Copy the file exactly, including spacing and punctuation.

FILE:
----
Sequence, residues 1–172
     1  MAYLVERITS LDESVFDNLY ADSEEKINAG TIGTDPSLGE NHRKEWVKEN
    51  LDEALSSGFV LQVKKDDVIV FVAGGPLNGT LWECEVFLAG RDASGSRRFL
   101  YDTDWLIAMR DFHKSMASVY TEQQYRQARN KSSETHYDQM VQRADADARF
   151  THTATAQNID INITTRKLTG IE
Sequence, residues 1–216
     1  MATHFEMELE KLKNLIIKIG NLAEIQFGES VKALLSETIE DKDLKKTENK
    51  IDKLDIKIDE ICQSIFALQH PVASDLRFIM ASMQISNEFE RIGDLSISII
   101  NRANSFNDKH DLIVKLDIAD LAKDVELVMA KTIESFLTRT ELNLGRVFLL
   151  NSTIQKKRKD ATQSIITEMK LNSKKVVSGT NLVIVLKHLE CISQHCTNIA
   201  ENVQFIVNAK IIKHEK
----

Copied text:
Sequence, residues 1–172
     1  MAYLVERITS LDESVFDNLY ADSEEKINAG TIGTDPSLGE NHRKEWVKEN
    51  LDEALSSGFV LQVKKDDVIV FVAGGPLNGT LWECEVFLAG RDASGSRRFL
   101  YDTDWLIAMR DFHKSMASVY TEQQYRQARN KSSETHYDQM VQRADADARF
   151  THTATAQNID INITTRKLTG IE
Sequence, residues 1–216
     1  MATHFEMELE KLKNLIIKIG NLAEIQFGES VKALLSETIE DKDLKKTENK
    51  IDKLDIKIDE ICQSIFALQH PVASDLRFIM ASMQISNEFE RIGDLSISII
   101  NRANSFNDKH DLIVKLDIAD LAKDVELVMA KTIESFLTRT ELNLGRVFLL
   151  NSTIQKKRKD ATQSIITEMK LNSKKVVSGT NLVIVLKHLE CISQHCTNIA
   201  ENVQFIVNAK IIKHEK